Donations of rose-colored ruby chocolate from Valhrona have allowed her to make brownies with lovely toppings for the donation-based weekly Treats for Frontline and First Responders initiative that has her delivering treats to area hospitals. (You can donate on the website.) She’s contemplating starting curbside “with a bang” with her usual monthly beignets. Check out the baking essentials pantry as well. Delivery Friday and Saturday 2–5 p.m. Curbside pickup during regular hours starting Friday.

Bisous Bisous Patisserie

The French-style patisserie has stayed open for single-person pickup since the shelter-in-place order. Which means the regular menu of éclairs and fanciful hazelnut feuilletine and mousseline St. Honoré tarts topped with chocolate-glazed profiteroles. They’ve continued to send out special occasion treats like robin’s egg macarons and seen an increase in small custom cakes, topped with macarons—fit for smaller gatherings. They’re also offering a baking essentials pantry: flour—bread, cake, all-purpose—and active dry yeast, unsalted butter, and sugar. They know we like to bake. (Tip: best to preorder two days ahead to ensure availability of all pantry items.) Pick up in store or curbside during regular hours.

La Tarte Tropézienne

It’s hard to open during a pandemic, but La Tarte Tropézienne did so in early April. The French pastry shop based in Saint-Tropez is famous for the split, cream-filled brioche covered in rock sugar crystals that gave it its name when it was born in 1955 on the sunny French Riviera. (The story goes that it was served on a film shoot with Brigitte Bardot and came to represent the swinging French Riviera set.)

The first location outside of France, the shop across from Forty Five Ten on Main Street is offering a small menu that includes the large Tropézienne and smaller choux pastry-size versions filled with cream and topped with sugar. Place orders 9–7 p.m. Tuesday–Saturday for pickup and delivery.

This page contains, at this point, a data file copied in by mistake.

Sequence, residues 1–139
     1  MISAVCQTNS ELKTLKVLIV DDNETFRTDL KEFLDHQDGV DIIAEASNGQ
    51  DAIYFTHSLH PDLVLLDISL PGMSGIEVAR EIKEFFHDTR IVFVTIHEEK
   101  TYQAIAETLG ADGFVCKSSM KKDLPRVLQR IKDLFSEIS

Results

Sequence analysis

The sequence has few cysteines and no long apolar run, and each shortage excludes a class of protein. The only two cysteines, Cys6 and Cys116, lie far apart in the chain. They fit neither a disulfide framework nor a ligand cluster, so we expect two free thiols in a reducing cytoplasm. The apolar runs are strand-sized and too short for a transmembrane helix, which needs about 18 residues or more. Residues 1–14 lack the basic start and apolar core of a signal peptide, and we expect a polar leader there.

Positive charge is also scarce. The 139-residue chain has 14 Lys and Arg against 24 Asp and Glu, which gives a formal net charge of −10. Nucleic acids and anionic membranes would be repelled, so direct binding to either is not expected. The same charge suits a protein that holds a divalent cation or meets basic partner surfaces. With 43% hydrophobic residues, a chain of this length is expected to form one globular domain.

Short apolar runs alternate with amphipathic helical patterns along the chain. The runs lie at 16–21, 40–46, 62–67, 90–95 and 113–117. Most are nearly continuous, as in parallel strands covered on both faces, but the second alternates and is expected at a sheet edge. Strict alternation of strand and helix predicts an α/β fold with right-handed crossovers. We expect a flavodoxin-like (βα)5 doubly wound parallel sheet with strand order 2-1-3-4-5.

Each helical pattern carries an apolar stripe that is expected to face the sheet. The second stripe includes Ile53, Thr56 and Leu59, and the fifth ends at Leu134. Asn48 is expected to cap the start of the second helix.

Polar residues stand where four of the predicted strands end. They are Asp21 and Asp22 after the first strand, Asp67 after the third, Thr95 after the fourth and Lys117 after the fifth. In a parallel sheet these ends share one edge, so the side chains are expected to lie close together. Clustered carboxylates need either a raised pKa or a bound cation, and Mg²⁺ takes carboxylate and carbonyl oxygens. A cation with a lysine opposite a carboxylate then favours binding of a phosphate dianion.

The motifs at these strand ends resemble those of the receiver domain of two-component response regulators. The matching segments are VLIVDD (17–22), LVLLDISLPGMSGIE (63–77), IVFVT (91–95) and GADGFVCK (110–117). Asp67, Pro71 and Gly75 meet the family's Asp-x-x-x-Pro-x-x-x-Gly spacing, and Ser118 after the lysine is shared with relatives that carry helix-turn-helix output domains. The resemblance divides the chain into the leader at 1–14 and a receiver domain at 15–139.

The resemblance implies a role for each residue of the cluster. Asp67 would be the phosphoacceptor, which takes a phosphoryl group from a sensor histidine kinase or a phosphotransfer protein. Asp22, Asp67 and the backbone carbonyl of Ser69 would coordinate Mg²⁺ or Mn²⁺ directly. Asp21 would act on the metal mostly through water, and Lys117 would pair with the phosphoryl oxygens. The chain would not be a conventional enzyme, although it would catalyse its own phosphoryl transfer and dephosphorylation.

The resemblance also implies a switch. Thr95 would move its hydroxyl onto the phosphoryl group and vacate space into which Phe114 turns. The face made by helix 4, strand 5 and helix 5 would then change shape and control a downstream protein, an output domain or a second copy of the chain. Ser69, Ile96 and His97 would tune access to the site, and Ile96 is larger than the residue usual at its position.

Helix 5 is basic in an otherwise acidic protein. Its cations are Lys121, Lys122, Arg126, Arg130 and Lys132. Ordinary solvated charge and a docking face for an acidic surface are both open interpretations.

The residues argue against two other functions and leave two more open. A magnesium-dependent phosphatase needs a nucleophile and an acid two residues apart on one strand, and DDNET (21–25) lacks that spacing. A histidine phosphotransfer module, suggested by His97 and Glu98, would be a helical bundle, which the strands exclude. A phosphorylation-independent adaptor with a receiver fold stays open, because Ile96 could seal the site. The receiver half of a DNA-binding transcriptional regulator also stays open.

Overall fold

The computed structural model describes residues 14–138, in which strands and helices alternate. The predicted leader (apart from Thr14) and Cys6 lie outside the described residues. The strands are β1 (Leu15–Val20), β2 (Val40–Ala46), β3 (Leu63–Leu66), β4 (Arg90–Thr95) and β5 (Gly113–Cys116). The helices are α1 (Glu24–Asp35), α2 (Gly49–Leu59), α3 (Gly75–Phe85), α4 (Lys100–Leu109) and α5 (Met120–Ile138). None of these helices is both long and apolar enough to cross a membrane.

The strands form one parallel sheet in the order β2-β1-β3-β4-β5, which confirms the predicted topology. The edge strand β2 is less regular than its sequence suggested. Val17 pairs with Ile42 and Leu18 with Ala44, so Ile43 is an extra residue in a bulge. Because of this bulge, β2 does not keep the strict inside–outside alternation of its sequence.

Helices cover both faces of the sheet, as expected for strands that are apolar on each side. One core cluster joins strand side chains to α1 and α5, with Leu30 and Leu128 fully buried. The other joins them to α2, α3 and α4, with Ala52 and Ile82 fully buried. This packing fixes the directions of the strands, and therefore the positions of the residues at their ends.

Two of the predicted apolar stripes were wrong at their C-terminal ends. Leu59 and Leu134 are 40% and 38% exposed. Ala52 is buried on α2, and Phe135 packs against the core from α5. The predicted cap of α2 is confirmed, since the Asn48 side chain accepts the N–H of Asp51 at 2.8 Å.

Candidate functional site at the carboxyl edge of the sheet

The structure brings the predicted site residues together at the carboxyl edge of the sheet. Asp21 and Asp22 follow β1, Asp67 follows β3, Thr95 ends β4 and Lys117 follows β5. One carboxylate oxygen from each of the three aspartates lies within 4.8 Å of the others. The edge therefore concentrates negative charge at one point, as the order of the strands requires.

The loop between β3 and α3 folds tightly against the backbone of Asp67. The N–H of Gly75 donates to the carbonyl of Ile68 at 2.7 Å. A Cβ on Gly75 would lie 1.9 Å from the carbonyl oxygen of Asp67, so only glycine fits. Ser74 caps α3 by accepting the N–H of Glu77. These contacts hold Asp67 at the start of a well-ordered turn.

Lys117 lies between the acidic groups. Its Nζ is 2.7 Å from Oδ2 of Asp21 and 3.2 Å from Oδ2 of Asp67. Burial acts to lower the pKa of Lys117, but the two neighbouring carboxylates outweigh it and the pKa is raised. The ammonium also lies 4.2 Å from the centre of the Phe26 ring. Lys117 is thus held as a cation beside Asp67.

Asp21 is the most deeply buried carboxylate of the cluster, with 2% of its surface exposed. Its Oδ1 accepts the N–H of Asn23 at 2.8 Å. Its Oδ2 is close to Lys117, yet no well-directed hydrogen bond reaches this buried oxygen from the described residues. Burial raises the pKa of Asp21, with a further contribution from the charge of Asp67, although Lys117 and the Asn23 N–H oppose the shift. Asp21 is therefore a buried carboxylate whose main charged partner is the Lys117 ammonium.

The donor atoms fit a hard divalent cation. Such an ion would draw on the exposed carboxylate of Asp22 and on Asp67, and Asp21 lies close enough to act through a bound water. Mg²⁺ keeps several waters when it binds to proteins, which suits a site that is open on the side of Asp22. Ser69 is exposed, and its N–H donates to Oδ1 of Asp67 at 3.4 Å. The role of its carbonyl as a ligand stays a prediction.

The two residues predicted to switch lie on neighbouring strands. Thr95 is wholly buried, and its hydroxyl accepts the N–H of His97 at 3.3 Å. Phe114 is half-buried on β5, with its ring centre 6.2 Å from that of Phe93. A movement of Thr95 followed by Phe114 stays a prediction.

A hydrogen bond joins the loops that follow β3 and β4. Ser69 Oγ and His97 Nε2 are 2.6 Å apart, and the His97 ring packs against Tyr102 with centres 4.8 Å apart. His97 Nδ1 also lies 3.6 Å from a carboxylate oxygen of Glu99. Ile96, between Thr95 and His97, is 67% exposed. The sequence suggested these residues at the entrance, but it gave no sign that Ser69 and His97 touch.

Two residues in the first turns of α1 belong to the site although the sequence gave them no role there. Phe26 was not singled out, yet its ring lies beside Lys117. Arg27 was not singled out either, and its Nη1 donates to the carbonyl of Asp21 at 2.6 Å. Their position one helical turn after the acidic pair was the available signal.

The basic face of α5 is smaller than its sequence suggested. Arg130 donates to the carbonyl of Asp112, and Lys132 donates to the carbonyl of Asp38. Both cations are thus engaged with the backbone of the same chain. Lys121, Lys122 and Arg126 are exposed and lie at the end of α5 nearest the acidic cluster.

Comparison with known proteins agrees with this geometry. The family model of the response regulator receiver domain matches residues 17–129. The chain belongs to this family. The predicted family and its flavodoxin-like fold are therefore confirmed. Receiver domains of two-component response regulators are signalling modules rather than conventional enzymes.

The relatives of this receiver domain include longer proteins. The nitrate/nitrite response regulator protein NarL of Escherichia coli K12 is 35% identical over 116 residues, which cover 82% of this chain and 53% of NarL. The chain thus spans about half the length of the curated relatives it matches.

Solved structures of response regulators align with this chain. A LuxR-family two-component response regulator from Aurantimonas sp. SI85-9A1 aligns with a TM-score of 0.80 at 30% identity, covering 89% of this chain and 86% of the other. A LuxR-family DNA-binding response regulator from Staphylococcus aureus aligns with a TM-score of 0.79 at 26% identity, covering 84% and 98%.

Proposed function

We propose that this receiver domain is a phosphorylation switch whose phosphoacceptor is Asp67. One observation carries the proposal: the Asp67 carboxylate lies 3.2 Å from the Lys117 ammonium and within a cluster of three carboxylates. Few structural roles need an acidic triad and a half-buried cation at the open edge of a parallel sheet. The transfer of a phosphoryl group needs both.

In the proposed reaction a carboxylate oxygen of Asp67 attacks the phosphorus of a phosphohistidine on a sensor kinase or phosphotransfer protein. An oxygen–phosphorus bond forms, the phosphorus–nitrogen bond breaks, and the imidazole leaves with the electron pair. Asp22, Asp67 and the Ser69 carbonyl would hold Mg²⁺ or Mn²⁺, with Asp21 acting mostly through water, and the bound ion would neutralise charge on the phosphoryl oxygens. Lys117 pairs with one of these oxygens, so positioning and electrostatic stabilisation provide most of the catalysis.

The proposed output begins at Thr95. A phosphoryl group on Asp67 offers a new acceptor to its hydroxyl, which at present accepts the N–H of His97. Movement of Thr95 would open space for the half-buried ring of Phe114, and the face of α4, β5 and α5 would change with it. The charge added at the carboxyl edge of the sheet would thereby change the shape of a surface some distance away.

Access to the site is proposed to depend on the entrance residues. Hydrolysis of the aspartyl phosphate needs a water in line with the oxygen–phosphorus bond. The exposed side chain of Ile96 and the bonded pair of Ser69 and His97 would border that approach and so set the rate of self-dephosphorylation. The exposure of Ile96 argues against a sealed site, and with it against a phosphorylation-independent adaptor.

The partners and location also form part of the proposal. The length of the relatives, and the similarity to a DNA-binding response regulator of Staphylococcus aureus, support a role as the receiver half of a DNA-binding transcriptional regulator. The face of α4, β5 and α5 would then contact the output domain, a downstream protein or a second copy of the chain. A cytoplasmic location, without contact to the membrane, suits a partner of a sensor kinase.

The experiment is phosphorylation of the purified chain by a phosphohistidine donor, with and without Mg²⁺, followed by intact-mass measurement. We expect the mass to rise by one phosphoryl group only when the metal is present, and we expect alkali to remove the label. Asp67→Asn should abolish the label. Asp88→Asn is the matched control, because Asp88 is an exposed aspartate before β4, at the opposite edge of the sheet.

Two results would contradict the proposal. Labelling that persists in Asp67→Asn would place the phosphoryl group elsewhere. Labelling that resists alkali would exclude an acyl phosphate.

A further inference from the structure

Kitty Bunny Bakery

The couple behind the food truck-based cupcakery Kitty Bunny—famous for flavors like black sesame-honey, purple taro, and matcha—quickly learned that their mobile business fell outside the government’s small business aid distinctions. But they embarked with others and soon were paired up with breweries like Celestial Beerworks, Pegasus City Brewery, and Odd Muse Brewing.

You can find them on Saturdays for contact-less, drive-thru-style pickups of six-packs of mini cupcakes with weekly flavors like the black and blue (blueberry cake with black currant filling and a fresh blueberry perched on top), banoffee pie, Cinnamon Toast Crunch, or stroopwafel. Cupcake care packages can be purchased to be delivered to local supermarket employees and health care workers with personalized notes. Saturday pickups with preorder. Check their schedule for locations.

Editor’s note: Yes, we know there’s a dearth of pie mentions in this list. This isn’t pie erasure, rather a focus on the cake-ier offerings in town. We’ll serve pie another day.